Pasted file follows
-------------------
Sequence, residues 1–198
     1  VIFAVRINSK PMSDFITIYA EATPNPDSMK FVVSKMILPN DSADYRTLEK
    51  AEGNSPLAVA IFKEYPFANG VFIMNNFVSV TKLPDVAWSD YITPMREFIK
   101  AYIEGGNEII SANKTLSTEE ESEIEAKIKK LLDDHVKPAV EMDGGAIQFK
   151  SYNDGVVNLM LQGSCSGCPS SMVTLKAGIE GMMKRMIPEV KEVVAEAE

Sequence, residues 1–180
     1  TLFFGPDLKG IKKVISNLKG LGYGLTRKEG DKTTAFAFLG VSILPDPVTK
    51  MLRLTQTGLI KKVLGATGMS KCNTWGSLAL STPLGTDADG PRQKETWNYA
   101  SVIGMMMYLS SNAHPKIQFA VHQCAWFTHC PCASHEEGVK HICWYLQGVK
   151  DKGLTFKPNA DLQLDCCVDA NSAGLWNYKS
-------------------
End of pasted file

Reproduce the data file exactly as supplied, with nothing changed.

Sequence, residues 1–198
     1  VIFAVRINSK PMSDFITIYA EATPNPDSMK FVVSKMILPN DSADYRTLEK
    51  AEGNSPLAVA IFKEYPFANG VFIMNNFVSV TKLPDVAWSD YITPMREFIK
   101  AYIEGGNEII SANKTLSTEE ESEIEAKIKK LLDDHVKPAV EMDGGAIQFK
   151  SYNDGVVNLM LQGSCSGCPS SMVTLKAGIE GMMKRMIPEV KEVVAEAE

Sequence, residues 1–180
     1  TLFFGPDLKG IKKVISNLKG LGYGLTRKEG DKTTAFAFLG VSILPDPVTK
    51  MLRLTQTGLI KKVLGATGMS KCNTWGSLAL STPLGTDADG PRQKETWNYA
   101  SVIGMMMYLS SNAHPKIQFA VHQCAWFTHC PCASHEEGVK HICWYLQGVK
   151  DKGLTFKPNA DLQLDCCVDA NSAGLWNYKS